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Write Clearly with the Right Words

January 7, 2016 by ProofreadingPal in Writing Guides

English is a confusing language at the best of times because of its many linguistic influences over the years. It’s our job here at ProofreadingPal to uncover and fix such instances, and there are a few words particularly that we find ourselves changing over and over again to make language more precise.

Using “They/Them/Their” in the Singular

For a few reasons, it’s becoming increasingly popular for writers, particularly ones who are interested in gender identity, to use “they” in the singular sense.

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However much this may satisfy your political correctness, this is still grammatically incorrect and can create ambiguity in writing. For the first example, readers might be confused as to why the writer is using “they” to refer to one “patient.” They may think it’s a mistake and wonder whether there are several patients or just one. For the second example, Google is an organization, which is a singular entity. If writers refer to Google as “they,” this may again make readers confused. Is the writer referring to just Google or Google and its staff or to another entity or to people inside Google? Thus, to improve the preciseness of your writing, use:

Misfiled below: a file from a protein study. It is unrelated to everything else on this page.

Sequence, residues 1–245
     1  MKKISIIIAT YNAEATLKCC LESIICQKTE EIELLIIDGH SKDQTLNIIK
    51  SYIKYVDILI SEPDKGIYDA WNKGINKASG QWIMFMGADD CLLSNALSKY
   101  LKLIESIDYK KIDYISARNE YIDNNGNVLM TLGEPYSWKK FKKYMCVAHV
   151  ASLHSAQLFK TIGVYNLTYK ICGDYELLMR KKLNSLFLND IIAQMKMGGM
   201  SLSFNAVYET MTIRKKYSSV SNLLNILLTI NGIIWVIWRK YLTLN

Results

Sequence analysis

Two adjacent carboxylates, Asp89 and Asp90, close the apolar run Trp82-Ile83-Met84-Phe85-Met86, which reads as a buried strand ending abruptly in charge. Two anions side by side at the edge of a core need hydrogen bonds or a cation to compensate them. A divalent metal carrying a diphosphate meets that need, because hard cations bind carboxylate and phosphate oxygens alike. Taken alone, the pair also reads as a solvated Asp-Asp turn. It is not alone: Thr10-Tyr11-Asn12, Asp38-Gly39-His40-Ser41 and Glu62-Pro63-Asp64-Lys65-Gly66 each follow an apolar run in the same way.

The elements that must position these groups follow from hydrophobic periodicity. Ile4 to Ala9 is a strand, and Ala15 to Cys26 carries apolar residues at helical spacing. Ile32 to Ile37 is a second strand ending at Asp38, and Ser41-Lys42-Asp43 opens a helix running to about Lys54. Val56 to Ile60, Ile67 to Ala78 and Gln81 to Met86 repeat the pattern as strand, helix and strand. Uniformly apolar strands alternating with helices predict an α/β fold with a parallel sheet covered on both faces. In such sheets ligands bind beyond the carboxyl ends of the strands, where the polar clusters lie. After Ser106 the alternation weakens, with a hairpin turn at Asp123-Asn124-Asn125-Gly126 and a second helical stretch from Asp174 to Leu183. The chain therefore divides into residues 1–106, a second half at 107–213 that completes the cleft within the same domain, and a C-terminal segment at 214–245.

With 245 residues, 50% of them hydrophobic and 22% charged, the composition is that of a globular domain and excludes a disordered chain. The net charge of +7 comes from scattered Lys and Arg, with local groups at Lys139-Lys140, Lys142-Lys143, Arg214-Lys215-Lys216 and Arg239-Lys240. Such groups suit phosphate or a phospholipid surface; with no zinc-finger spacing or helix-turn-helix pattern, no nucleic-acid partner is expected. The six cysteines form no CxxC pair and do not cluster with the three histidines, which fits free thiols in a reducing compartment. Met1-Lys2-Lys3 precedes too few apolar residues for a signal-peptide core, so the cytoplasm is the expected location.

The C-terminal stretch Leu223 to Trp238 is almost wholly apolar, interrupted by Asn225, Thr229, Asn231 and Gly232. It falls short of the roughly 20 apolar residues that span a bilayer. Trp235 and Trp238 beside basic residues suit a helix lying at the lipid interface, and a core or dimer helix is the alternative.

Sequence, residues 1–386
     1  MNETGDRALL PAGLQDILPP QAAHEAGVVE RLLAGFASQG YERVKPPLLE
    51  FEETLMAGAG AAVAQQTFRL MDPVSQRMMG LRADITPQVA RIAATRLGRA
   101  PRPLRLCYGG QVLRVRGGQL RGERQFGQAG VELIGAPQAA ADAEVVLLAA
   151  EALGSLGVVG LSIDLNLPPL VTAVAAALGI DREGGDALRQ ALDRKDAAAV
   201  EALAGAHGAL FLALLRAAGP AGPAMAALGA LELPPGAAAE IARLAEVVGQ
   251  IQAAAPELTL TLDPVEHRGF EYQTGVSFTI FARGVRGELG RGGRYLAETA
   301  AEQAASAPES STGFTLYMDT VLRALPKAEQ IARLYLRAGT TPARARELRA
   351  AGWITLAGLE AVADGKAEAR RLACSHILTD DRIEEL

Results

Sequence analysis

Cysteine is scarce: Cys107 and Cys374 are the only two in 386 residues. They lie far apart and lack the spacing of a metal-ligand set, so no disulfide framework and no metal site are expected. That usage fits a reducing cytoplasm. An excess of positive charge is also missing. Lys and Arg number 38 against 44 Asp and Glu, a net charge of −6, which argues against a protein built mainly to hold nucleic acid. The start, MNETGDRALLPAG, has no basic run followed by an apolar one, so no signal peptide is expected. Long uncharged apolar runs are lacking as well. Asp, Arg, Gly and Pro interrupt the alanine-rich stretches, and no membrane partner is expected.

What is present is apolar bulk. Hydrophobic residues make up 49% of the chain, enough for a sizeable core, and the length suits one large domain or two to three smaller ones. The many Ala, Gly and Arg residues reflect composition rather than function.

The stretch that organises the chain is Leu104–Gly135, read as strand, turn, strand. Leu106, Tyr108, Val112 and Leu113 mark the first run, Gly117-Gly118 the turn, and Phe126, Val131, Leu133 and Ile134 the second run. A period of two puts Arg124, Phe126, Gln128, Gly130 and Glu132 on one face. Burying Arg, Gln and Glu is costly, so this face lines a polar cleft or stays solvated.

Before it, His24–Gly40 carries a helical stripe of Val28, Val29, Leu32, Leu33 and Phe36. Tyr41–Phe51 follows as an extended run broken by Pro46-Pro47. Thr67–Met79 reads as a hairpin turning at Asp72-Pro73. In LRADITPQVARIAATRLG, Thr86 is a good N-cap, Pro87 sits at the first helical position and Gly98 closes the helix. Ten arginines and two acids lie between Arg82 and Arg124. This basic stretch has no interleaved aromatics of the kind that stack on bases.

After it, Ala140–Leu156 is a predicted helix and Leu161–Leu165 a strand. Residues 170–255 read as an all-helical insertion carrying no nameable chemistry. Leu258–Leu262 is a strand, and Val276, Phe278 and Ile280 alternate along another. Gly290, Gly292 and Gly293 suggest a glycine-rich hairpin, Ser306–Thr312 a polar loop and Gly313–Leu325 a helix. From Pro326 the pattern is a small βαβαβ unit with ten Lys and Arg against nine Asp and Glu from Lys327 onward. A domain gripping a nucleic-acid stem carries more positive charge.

Although it is becoming increasingly popular to use “they” in the singular sense—and it may very well be that it one day becomes acceptable usage—avoid it to improve the clarity of your language.

Using “While” to Show Contrast

It’s customary, particularly in academic writing, to use “while” to show contrast.

Both sentences above are not incorrect grammatically, but because of the more common use of “while” as a marker of time, by using it in the contrasting sense, you create a slight ambiguity of meaning for someone who is not reading closely. Most style guides recommend you don’t use “while” in this way. “While” should technically only be used for time.

So rather than “while,” you should use two different words, depending on the context: although and whereas.

Using “Since” and “As” for Causation

clarity1Probably the most common use of ambiguous language comes from using “since” and “as” for causation. It’s common to use these words for causation in speech. However, they can create ambiguity, particularly in writing because “since” and “as” both have alternative meanings. “Since,” like “while,” should be used for time, whereas “as” should be used for comparison, among other things. For example:

Rather than “since” and “as,” most style guides recommend you solely use “because” for causation because it has no alternative meanings. Look at the clarity of:

Next time you feel like your writing isn’t as precise as it could be, consider the above and use words that are clear and unambiguous.

Nick S.

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